Gifts for Mom, Grandparents, Besties and YOU🎄 ➔

A photo of my disgusting car went viral. And sorry, but I’m not sorry.

A couple of years ago, I posted a picture of what the seat of my car looked like after I had removed a car seat. The rest of my car was actually not too bad, but underneath that car seat was a scene of sheer destruction and horror that only someone who has had to move a car seat could possibly understand.

Ladies . . . it was a hot mess: 

messy seat in a car, color photoThere were crushed up crackers, puffy Cheetos, and Cheerios. There were crunched up Goldfish sprinkled around, and, inexplicably, a Bubble Guppies sticker attached to a popsicle. I had never seen so many orange snacks at one time, but for some reason, there they all were, collected on the underside of my daughter’s car seat.

RELATED: My Car is Always Messy Because I Have Kids

And honestly? I thought it was hysterical and oh, so real. So I shared it on our Instagram page.

It wasn’t long before the thing blew up, and with it, so did my confidence in myself as a mother and a reasonably clean person.

Certainly, there were lots of people who related to the image. Many jokingly asked how the sites that shared the image got a picture of their car. Many shared laughing emojis, tagged their partners, and clearly commiserated with what I had found underneath it. There were thousands of shares from people who totally understood where I was coming from.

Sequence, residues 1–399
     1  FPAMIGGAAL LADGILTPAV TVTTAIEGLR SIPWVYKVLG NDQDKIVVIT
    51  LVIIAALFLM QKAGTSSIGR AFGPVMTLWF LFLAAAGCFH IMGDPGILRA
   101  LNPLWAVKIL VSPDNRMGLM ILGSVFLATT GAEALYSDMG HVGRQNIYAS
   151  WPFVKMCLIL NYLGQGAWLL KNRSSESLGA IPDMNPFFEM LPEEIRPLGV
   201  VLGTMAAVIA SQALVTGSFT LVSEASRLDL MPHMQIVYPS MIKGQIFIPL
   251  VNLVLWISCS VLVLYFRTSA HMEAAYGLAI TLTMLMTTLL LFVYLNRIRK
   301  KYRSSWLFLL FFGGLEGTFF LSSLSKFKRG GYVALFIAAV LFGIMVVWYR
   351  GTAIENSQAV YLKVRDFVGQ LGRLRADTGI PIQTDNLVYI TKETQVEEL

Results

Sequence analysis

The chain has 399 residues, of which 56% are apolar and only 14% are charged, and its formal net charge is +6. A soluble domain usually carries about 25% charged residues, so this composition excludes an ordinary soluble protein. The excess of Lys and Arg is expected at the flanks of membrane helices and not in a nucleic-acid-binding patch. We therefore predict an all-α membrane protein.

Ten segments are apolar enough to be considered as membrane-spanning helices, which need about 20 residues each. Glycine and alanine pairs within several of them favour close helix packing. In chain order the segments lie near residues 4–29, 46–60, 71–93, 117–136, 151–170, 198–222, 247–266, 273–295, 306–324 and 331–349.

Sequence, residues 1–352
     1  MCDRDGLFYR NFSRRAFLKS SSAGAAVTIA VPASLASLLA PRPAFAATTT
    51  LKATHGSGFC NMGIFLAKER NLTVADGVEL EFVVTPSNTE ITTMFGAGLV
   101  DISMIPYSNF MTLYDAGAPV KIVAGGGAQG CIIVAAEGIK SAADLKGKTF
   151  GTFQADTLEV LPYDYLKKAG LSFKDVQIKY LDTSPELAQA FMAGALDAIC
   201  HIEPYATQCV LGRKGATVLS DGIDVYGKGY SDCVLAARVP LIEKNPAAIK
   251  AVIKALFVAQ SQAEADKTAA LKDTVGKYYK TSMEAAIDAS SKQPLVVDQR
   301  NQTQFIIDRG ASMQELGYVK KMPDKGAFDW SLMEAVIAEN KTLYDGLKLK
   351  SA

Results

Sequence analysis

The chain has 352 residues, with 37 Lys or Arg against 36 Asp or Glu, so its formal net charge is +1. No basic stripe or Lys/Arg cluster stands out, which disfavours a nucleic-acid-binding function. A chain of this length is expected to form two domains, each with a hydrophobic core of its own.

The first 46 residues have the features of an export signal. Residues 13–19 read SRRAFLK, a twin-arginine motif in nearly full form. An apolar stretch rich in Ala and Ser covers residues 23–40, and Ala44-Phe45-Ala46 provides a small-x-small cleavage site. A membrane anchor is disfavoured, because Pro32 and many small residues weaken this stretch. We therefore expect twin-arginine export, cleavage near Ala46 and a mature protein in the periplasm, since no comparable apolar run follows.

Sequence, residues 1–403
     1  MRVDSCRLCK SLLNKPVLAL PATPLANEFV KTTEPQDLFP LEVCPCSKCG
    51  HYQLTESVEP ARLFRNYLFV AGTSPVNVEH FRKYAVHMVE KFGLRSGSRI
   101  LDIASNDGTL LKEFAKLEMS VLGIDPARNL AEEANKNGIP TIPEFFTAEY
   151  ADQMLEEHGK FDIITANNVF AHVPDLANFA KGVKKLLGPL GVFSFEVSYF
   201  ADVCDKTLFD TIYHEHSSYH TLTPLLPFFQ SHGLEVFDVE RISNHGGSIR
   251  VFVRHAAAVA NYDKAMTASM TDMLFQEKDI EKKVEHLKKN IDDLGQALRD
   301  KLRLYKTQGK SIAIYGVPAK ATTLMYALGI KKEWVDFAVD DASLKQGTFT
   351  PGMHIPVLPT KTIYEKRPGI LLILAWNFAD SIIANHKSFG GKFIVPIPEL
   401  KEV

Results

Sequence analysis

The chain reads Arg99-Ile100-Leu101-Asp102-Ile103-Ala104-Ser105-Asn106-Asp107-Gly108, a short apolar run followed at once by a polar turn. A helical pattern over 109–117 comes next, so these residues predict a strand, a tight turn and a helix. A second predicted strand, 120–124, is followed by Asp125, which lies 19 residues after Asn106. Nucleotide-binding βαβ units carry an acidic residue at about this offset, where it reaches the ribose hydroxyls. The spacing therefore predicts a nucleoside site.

And then there were the others.

Some simply stated this was the exact reason no one should ever let their kids eat in the car. Others said pictures like this were the reason they didn’t have children. Many questioned why there was so much junk food under the seat and asked what kind of mother would feed her kids so much processed food.

I was called a slob, a mess, and a disaster. I was told I was an embarrassment to mothers everywhere. Some even questioned if I should be allowed to keep my kids, seeing as how my life was so disgustingly filthy.